“Pinoy” is a nickname for Filipinos. However, it describes more than a people. It also describes the culture, including the food culture.
(Open market – Boracay, Philippines.)
In this week’s Blast I want to share with you some cuisine, Pinoy style. After all, people ask me, “what is Filipino food?” My quick answer is: DELICOUS!
In a more technical sense, I would describe Pinoy food as a unique fusion of Asian and Spanish flavors. It has truly become a place of world flavors. Colonized by Spain, situated in the middle of Asia, and heavily visited by Europeans, Australians, and Americans for military purposes and exotic getaways, Filipinos have adapted their traditional plates to create unique flavor profiles.
(Fresh Lapu-lapu, a type of grouper – a delicacy because this fish is particularly difficult to catch.)
(Click to watch a video: Lunch at a seafood restaurant on Mactan Island, Philippines. Check out some of my observations and descriptions about the food.)
Anthony Bourdain’s TV show, No Reservations, showed the struggle to discern what is truly Filipino Food. The fact that the Philippines’ nation is comprised of more than 7,000 islands means each island has its way of doing things. Yes, the “island mentality” means the inhabitants of each island think their food is the best! But Chef Bourdain agreed, Philippines is the “Land of lechón!”
(Lechon – filipino style.)
Let’s start with the common foods. Filipinos eat pork, seafood, and chicken, in familiar sautéed, grilled, stewed, and fried preparations. Philippine beef is not as succulent as well-fed Midwestern cattle or Japanese Wagyu. Instead, the red meat more often used is goat. Slaughtering the fattened calf comes only during big celebrations.
Filipino fruits and Asian vegetables help maintain healthiness in a diet that can be saturated by fatty fried, but oh so tasty, foods. The use of rice wine vinegar to help break down richly flavored foods brings a vibrancy and variety to the flavor profile of dishes such as the lechón, Filipino manok (friend chicken with infusion of ginger, garlic, and soy sauce), and adobo (vinegar-braised pork or chicken that would be drained and refried).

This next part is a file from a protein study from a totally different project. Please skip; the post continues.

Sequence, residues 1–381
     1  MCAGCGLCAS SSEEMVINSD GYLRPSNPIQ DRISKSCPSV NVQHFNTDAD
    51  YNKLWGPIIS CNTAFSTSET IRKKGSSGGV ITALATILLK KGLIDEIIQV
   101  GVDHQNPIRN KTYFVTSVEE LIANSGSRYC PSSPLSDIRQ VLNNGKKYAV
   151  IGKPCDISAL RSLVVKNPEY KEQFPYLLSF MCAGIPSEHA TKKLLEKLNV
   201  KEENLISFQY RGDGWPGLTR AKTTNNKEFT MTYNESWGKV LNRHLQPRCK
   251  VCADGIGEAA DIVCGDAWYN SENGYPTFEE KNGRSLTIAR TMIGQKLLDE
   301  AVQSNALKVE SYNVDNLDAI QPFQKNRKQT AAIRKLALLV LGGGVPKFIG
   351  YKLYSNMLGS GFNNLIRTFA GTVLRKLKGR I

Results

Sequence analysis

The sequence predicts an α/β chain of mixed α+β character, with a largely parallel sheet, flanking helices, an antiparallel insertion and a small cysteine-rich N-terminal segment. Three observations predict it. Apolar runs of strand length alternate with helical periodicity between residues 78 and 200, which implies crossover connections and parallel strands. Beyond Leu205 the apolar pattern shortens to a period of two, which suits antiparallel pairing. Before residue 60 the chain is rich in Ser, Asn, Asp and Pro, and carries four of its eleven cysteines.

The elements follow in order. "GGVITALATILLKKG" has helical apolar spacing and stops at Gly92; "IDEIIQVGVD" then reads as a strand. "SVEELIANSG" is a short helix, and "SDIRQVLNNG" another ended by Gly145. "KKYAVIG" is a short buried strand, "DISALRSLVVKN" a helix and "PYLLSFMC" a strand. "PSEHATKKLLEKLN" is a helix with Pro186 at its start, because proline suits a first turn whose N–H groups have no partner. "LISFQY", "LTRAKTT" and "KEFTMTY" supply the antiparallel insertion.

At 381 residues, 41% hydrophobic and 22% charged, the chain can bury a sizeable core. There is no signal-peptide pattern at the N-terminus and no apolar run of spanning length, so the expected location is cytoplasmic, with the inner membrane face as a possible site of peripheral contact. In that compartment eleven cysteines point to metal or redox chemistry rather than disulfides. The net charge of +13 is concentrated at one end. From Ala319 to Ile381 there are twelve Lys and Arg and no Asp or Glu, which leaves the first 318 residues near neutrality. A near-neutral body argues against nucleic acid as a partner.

(Seaweed and tomato salad with rice wine vinegar.)
Pancit, the famous clear rice noodle that combines poultry, pork, and seafood can be prepared in several ways. So too, the Filipino egg roll, called lumpia, which uses rice paper to wrap all types of fillings (primarily beef and vegetables) before its deep fried to a perfectly crisp golden brown.
(My mom’s egg rolls – a taste that makes you say “Thank you, GOD!”)
There are some very strange foods, like blood pudding (dinuguan); the famous Fear Factor speciality, Balut (a gestated and fermented duck egg); and a few others too unique for this family friendly E-mail Blast!
Despite the unique (or odd) foods, travelers to the Philippines never go hungry.
(Filipino fish monger at an open Philippine market.)
In fact, visitors often rave about the seemingly endless variety of flavors you can choose from, as long as you’re willing to be at least a little adventurous. For the American and European palate, Filipino food is best described as well marinated and exploding with flavor. If someone has to add salt or pepper to a Filipino dish, then that person must have muted taste buds!
(Mrs. Dorothy’s Philippine Herbal Cookies – completely healthy (gluten free, and cholesterol free, i.e., really good for you) and really tasty!)
I (half) joke with people and explain the reason why I had friends as a kid was because my mother cooked so well.
(A Grace Before Meals presentation at a private pro-life function at the home of Steve Peroutka. Good food makes good friends.)
Maybe you can try my version of Filipino Food. Click here for the recipe.
Let Us Pray:
God bless our families with faithfulness, celebrations around their dining room table, and the perseverance to celebrate together around God’s sacred Table – His Altar of Sacrifice. In a special way, God bless those families that struggle with putting food on the table and bringing their families around it. We ask this through Christ our Lord. Amen.
(Nephews keeping vigil at a Marian Shrine at a beach resort. Expressions of faith at world class beaches!)
What was your favorite traditionally ethnic family meal? Have you ever had Filipino food? If so, what is your favorite? Your comments help encourage our community to share ideas and to spread the word. Be sure to encourage family, friends, and fellow parishioners to sign up for these free E-mail Blasts.
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